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8/1/2013 4:06:30 AM
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dazarobbo
dazarobbo

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What's your opinion of threatening businesses with negative reviews on social media to deliver on their promises?

You've probably noticed companies which operate a social media presence will often get replies from customers who have had a less-than-great experience with them. You've probably also noticed they usually get the customer to reply to them privately, likely as a method of keeping the feedback and issues they've had hidden from the public so as not to tarnish their reputation. Given this, do you think posting publically about a problem you've had with a business on social media is a more effective method of recourse than contacting the business directly? Does anyone have any experiences doing this they'd like to share?
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  • Edited by Mac: 8/1/2013 4:16:44 AM
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    I think it's definitely a more effective method of recourse. Public perception is one thing a business heavily relies on, when their reputation is damaged, that's less potential customers they have, which you could consider an economic loss in a way. It's also a deterrent, meaning they'll be less likely to displease a customer because they know they'll get negative feedback which could spread. The way I see it, social media could be a companies best friend or worst enemy. If you provide a good service or product, you'll most likely get good reviews and people will be more inclined to use that service or product. If you provide a bad service or product, you'll see the opposite of the former happen. I also provide reviews for products on the companies website. However I only do that if I really love or hate a product.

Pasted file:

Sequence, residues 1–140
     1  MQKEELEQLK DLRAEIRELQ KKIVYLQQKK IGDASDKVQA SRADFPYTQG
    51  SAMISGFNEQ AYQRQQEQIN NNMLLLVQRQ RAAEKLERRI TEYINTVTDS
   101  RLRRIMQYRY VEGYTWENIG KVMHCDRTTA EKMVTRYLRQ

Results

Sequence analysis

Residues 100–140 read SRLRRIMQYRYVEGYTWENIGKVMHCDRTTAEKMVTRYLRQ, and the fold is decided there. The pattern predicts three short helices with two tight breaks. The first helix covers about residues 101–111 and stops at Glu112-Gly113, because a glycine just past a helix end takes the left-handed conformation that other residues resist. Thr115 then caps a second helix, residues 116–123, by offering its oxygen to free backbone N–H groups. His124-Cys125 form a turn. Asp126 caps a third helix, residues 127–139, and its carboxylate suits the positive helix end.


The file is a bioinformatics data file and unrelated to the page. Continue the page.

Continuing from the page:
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  • Edited by Silent Bob: 8/1/2013 4:30:05 AM
    When it comes down to it, image is important, especially for companies. If something were to ruin that image, it could be detrimental and make the company lose business. That being said, public proclamations about some issues with a company will most definitely have a greater impact than such proclamations done privately.
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    • Many of these problems are going to be posted on a website, much like this one infact. I don't see massive media controversy about it. The notion about keeping it between customer support and the consumer, is for in most cases customer convenience to solve the issue faster (Which generally isn't the case anyway, I know). However if it were perhaps something very, very serious - I would see the incentive from a business point of view to keep it 'under the table'.
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      • I would go to social media if private negotiations failed. By that same token though, that's basically hiding underlying problem while PR teams treat the condition. By making it public, making it visible you're warning other customers and getting those higher up on the corporate food chain to fix shit.
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      • [quote]do you think posting publically about a problem you've had with a business on social media is a more effective method of recourse than contacting the business directly?[/quote] Now a days? Unfortunately I would assume so. (I have no experience with any of this first hand.)
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      • Freedom of speech is essential to any society. If I had a negative experience with a business, I should be free to let other prospective customers know.
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      • actually yes, my local McDonalds is horrible in terms of service. They always mess up the order or forget something. So I complained on twitter about it. McDonalds responded, gave me some instructions and I ended up getting some coupons for free food. I had called corporate before, but was never able to get ahold of anyone.
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